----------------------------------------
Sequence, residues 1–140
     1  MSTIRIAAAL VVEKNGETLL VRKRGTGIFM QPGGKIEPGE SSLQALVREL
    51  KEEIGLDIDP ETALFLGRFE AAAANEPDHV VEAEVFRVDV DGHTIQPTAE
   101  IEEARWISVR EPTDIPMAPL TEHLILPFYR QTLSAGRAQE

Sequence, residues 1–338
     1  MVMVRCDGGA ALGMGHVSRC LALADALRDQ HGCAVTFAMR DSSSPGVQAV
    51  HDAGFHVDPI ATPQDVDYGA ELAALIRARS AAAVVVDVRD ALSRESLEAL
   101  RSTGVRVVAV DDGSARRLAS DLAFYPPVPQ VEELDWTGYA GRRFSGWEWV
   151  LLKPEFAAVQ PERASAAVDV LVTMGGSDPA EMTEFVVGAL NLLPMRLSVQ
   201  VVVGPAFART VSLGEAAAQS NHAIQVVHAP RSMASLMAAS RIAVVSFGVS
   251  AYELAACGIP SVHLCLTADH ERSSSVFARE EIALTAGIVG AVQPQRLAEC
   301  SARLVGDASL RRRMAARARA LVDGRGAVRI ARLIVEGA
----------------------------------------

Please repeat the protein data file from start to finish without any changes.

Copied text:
Sequence, residues 1–140
     1  MSTIRIAAAL VVEKNGETLL VRKRGTGIFM QPGGKIEPGE SSLQALVREL
    51  KEEIGLDIDP ETALFLGRFE AAAANEPDHV VEAEVFRVDV DGHTIQPTAE
   101  IEEARWISVR EPTDIPMAPL TEHLILPFYR QTLSAGRAQE

Sequence, residues 1–338
     1  MVMVRCDGGA ALGMGHVSRC LALADALRDQ HGCAVTFAMR DSSSPGVQAV
    51  HDAGFHVDPI ATPQDVDYGA ELAALIRARS AAAVVVDVRD ALSRESLEAL
   101  RSTGVRVVAV DDGSARRLAS DLAFYPPVPQ VEELDWTGYA GRRFSGWEWV
   151  LLKPEFAAVQ PERASAAVDV LVTMGGSDPA EMTEFVVGAL NLLPMRLSVQ
   201  VVVGPAFART VSLGEAAAQS NHAIQVVHAP RSMASLMAAS RIAVVSFGVS
   251  AYELAACGIP SVHLCLTADH ERSSSVFARE EIALTAGIVG AVQPQRLAEC
   301  SARLVGDASL RRRMAARARA LVDGRGAVRI ARLIVEGA